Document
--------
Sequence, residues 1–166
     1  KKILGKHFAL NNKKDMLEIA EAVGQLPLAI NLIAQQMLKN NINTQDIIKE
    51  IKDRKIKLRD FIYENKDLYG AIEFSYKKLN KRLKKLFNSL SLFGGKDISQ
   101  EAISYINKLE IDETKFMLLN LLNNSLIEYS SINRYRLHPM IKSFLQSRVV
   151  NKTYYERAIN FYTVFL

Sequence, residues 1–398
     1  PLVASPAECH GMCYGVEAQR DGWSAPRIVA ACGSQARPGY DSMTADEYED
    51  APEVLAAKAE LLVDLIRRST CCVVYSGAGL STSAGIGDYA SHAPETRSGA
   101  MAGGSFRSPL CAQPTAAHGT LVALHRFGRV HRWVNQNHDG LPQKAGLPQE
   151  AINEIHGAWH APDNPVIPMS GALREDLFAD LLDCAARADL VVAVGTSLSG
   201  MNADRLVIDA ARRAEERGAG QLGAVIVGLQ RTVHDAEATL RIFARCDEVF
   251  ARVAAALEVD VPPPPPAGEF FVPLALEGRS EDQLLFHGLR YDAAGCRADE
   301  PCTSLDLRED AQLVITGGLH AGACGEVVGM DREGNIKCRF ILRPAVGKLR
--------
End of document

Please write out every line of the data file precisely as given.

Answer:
Sequence, residues 1–166
     1  KKILGKHFAL NNKKDMLEIA EAVGQLPLAI NLIAQQMLKN NINTQDIIKE
    51  IKDRKIKLRD FIYENKDLYG AIEFSYKKLN KRLKKLFNSL SLFGGKDISQ
   101  EAISYINKLE IDETKFMLLN LLNNSLIEYS SINRYRLHPM IKSFLQSRVV
   151  NKTYYERAIN FYTVFL

Sequence, residues 1–398
     1  PLVASPAECH GMCYGVEAQR DGWSAPRIVA ACGSQARPGY DSMTADEYED
    51  APEVLAAKAE LLVDLIRRST CCVVYSGAGL STSAGIGDYA SHAPETRSGA
   101  MAGGSFRSPL CAQPTAAHGT LVALHRFGRV HRWVNQNHDG LPQKAGLPQE
   151  AINEIHGAWH APDNPVIPMS GALREDLFAD LLDCAARADL VVAVGTSLSG
   201  MNADRLVIDA ARRAEERGAG QLGAVIVGLQ RTVHDAEATL RIFARCDEVF
   251  ARVAAALEVD VPPPPPAGEF FVPLALEGRS EDQLLFHGLR YDAAGCRADE
   301  PCTSLDLRED AQLVITGGLH AGACGEVVGM DREGNIKCRF ILRPAVGKLR